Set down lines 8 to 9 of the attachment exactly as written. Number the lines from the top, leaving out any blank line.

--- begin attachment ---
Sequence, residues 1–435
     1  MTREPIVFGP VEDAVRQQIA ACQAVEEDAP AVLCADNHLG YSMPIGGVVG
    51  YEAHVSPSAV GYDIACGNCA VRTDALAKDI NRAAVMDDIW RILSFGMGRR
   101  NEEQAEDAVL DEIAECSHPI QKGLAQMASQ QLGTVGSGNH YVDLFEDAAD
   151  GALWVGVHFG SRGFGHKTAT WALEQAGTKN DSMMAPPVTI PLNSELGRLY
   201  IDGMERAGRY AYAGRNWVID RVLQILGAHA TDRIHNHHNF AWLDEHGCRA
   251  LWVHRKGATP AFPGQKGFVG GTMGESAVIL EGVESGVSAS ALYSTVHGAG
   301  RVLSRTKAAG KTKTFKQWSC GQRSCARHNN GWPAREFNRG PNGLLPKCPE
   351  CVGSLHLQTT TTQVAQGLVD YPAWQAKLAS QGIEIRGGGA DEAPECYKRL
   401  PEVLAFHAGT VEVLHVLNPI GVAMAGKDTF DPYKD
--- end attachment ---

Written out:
   301  RVLSRTKAAG KTKTFKQWSC GQRSCARHNN GWPAREFNRG PNGLLPKCPE
   351  CVGSLHLQTT TTQVAQGLVD YPAWQAKLAS QGIEIRGGGA DEAPECYKRL